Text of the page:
Research Questions

In particular the researcher will attempt to answer the following research questions: (1) what combination of physiological and psychological factors are most likely to contribute to obesity, (2) what are the combined physiological and psychological effects of obesity in children. To answer these questions the research focuses on an investigational analysis of all the combined factors including genetic, environmental and parental that may contribute to obesity in youths. From the information gathered from the literature review and the field, the researcher intends to produce a theory grounded in research that not only explains but also helps provide avenues for ameliorating the epidemic that is killing this nation's children.

Significance of Study

Obesity rates among American youth have soared to crisis levels over the past ten years, and the impact is evident in homes across the nation. According to Blasi (2003) obesity is considered "the number one health risk for children in the United States today" (321). The number of children who are now classified as overweight has more than doubled in the last twenty to thirty years alone, with approximately one in five children defined as overweight by health standards (Blasi, 2003). Even though 20 to 30% of children can be classified as obese, the condition remains largely under diagnosed and under treated by many healthcare practitioners and families (Blasi, 2003). Some studies suggest that if a child is overweight by the time they reach the age of six, they are more than 50% likely to be obese when they reach adulthood (Blasi, 2003; Axmaker, 2001).

America's children are literally expanding each and every day. Young adolescents once possessed of small amounts of baby fat have been replaced by obese fifth graders. More and more middle and high school students are diagnosed with diabetes, increased risk factors for cancer, stroke and even heart disease (Crute, 2005; Tweedie, 2004). Health experts are calling it a national crisis, but epidemic is the correct word for the problem that is plaguing the nation's young people (Crute, 2005). Obesity is affecting children's education as well as their quality of life and their life expectancy. (Ogden, 2002).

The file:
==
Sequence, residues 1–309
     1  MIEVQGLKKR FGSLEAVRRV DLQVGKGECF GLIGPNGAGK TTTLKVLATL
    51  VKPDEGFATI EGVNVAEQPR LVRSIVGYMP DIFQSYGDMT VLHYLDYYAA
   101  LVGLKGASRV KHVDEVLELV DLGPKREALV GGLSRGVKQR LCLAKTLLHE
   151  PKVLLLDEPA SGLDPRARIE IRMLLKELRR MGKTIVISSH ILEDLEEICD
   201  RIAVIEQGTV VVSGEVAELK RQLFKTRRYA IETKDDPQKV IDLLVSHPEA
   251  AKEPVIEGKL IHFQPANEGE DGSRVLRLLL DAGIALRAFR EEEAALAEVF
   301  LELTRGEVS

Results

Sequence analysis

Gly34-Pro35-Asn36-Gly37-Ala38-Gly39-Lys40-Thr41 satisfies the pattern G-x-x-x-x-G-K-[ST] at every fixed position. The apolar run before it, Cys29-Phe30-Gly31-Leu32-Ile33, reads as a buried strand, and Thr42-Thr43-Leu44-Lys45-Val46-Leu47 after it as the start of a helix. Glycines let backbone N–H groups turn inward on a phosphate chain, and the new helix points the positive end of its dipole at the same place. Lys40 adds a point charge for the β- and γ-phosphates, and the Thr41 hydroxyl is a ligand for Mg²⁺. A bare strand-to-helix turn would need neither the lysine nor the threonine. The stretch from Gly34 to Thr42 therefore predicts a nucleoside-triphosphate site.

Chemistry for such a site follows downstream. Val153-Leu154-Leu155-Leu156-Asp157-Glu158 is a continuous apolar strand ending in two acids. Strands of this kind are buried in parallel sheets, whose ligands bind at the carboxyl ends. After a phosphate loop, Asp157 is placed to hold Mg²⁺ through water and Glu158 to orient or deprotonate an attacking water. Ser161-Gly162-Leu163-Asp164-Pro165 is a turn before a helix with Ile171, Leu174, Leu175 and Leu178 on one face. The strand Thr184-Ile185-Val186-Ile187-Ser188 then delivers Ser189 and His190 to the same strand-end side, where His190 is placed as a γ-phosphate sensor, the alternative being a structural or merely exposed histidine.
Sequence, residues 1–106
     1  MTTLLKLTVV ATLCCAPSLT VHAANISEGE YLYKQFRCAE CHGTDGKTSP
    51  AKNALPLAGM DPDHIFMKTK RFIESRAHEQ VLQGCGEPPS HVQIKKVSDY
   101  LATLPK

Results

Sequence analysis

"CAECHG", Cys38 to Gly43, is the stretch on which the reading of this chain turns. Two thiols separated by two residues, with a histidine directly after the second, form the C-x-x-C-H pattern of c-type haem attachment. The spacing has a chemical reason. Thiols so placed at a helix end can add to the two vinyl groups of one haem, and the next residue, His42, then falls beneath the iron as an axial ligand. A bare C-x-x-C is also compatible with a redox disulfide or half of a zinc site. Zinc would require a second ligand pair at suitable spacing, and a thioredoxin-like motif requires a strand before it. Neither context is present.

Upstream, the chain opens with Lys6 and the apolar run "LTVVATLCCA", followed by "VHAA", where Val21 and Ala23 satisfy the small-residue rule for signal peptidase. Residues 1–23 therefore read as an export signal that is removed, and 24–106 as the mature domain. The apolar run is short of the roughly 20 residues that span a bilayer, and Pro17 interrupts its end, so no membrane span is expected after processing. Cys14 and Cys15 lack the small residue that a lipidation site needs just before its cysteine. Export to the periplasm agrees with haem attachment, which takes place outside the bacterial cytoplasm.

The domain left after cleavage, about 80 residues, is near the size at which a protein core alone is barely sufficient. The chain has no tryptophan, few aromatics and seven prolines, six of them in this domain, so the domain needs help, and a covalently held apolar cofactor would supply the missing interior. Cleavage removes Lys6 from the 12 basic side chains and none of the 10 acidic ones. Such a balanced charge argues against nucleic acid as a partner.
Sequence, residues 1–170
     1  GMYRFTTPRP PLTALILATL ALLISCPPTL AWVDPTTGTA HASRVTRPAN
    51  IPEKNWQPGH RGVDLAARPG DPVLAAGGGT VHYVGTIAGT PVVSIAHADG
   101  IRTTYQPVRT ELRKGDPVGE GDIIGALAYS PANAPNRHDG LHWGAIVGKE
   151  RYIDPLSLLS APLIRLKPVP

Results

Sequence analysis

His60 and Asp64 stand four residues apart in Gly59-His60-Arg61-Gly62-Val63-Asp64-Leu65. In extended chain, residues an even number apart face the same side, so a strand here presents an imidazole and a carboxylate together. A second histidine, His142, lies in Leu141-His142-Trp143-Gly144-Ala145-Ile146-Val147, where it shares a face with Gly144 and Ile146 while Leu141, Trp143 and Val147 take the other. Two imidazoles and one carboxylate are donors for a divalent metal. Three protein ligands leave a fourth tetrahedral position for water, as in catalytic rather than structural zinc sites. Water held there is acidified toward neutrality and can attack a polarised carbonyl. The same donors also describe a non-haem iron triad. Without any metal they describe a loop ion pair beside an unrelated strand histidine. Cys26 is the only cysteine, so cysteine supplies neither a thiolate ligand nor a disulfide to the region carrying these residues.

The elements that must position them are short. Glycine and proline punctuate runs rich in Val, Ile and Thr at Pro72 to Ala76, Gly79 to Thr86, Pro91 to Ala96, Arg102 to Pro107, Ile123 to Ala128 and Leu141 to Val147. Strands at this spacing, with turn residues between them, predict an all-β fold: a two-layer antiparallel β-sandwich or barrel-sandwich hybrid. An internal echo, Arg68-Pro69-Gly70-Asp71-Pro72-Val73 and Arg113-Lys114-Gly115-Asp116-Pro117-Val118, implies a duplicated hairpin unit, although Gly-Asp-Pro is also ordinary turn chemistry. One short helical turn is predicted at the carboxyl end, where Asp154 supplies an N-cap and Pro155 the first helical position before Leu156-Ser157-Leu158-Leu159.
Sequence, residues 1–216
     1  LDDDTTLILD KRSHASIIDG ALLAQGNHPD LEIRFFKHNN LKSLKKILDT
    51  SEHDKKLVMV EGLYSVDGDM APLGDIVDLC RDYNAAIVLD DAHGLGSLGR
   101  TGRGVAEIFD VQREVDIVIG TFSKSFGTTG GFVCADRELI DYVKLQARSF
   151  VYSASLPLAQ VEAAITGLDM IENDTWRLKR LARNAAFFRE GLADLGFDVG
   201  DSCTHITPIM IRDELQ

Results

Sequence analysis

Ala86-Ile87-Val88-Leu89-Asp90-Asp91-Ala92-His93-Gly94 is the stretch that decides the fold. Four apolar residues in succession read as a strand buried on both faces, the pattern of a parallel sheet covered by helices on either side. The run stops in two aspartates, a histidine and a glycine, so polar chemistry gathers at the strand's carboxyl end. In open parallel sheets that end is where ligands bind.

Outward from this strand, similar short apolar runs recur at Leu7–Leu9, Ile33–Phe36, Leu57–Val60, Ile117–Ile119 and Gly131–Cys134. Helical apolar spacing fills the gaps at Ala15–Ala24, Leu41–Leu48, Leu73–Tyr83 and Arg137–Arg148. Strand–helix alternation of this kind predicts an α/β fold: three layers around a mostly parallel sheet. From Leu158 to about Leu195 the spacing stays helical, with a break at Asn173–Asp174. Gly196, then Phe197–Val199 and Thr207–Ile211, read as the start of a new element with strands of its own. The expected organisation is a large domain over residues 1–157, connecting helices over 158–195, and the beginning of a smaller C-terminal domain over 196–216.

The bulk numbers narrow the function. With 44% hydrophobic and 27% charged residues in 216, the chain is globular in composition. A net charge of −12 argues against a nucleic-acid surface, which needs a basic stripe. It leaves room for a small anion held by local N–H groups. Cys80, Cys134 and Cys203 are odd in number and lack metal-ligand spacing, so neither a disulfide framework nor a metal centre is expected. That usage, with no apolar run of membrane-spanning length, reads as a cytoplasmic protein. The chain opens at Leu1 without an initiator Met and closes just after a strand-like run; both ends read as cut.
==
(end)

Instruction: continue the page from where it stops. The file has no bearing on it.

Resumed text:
The percentage of children and adolescents who are overweight and obese is now at its highest. Approximately 25% of children and adolescents are considered overweight, a figure which has doubled in the last 30 years. (American Obesity Association, 2000). Among adolescent boys between the ages of 6 and 11, obesity rates have tripled during the last two decades, and increased more than two and a half times for girls. Obesity is also associated with many adverse side affects including asthma, diabetes, hypertension, sleep apnea, psychosocial effects, and stigma increased risk of morbidity and mortality. (American Obesity Association, 2000).

Because obesity is associated with chronic disease and adverse health outcomes, the growing incidence of obesity in the population has become a serious public health concern. This study is significant because it will contribute to the current body of research available aimed at overcoming this national crisis.

BACKGROUND

Obesity rates are rising among the nations youth due to a variety of complex factors. One of the more commonly cited factors that is contributing to the nations obesity epidemic is inadequate participation in active sports, both among female and male young children (Tweedie, 2004).